And further, if you like your unemployment number straight, no chaser, John Williams at ShadowStats.com also includes people who gave up looking for work more than a year ago. Williams’ take gives us an unemployment number more or less of the variety Walter Cronkite reported back in the day.
Last month, that number was 22.2% — the lowest in a year. Bummer.
After getting mugged last week, gold is slowly getting up and dusting itself off. At last check, the bid is $1,643.
Silver is no longer flat on its back, but it’s also having a lot of trouble standing up. It’s recovered ever so modestly, to $31.81.
“Investing, like life, is about managing expectations,” says U.S. Global Investors chief Frank Holmes, inspecting the crime scene.
His conclusion: The metals have been wandering through a bad neighborhood. “The 1.7% drop experienced over the past month shouldn’t surprise gold investors, given the seasonal pattern for gold,” he says. “Whereas gold rises nearly 2% in both January and February, over the past 11 years, it’s been a nonevent for gold to correct in March”:
“In addition,” Frank points out, “it’s a good reminder that bullion has historically been less volatile than the stock market: The 12-month rolling volatility over the past 10 years for gold was 13%. For the S&P 500 Index, the 12-month rolling volatility over the same period was 19%.”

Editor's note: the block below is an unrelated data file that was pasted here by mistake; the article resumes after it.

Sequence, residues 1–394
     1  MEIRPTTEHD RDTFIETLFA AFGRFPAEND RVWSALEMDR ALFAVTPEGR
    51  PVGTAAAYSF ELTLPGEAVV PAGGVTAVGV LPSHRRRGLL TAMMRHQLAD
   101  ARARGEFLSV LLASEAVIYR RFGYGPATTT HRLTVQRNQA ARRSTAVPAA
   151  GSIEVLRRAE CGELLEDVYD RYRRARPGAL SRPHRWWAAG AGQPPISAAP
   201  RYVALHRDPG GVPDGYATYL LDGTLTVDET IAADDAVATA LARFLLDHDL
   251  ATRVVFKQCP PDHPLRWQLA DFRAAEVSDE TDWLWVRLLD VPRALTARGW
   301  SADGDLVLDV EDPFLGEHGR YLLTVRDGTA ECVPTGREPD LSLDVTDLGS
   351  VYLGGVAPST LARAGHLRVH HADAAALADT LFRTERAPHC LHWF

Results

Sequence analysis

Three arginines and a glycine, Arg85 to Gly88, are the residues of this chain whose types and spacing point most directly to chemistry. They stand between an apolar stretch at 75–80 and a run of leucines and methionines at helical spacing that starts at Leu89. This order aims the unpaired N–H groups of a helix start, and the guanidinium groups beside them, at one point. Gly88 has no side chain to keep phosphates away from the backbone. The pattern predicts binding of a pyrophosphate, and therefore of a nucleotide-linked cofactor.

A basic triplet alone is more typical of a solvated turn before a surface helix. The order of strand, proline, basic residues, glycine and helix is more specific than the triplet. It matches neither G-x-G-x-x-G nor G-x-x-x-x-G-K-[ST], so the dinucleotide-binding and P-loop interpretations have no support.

Bet you didn’t know that, did you? In a typical presentation at our annual shindig in Vancouver, Frank will toss out a dozen things you didn’t know before. Little wonder he’s always among our most popular presenters... and we’re delighted to have him back again this year.
This year’s event is less than four months away. For the dates — and your chance to get the biggest discount on registration that we offer — give this a look.
Crude begins a new week down sharply. At $101.70, a barrel of West Texas Intermediate is near a two-month low.
“With uncertainty on U.S. as well as global growth, crude oil is showing the stress,” says our monitor of market sentiment, Abe Cofnas. “Technically it’s in a descending triangle. Continued weakness is likely. Even more likely is the inability for U.S. crude to rise very far this week.”
Which brings us to Abe’s suggested trade of the week, for demonstration purposes only: He’s counting on crude to stay below $105.25 this week...
At the simplest level, by following this trade, you’d put $89 at risk. As long as crude doesn’t spike above $105.25, you would get an $11 return. That’s a 12.3% gain.
“This is not a high-roller play, but an ‘income for the week’ strategy!” Abe says. He’s gone 6 for 6 on these mock trades since we inaugurated them in The 5 on Feb. 27. In the market he follows, everything plays out between Monday and Friday... so we’ll know the outcome by week’s end. Stay tuned...